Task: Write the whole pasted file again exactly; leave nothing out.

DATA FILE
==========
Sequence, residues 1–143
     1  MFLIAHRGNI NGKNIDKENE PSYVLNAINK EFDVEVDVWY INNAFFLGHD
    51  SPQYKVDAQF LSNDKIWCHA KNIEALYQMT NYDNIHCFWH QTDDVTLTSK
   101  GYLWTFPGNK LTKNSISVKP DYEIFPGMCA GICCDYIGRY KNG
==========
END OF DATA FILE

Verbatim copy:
Sequence, residues 1–143
     1  MFLIAHRGNI NGKNIDKENE PSYVLNAINK EFDVEVDVWY INNAFFLGHD
    51  SPQYKVDAQF LSNDKIWCHA KNIEALYQMT NYDNIHCFWH QTDDVTLTSK
   101  GYLWTFPGNK LTKNSISVKP DYEIFPGMCA GICCDYIGRY KNG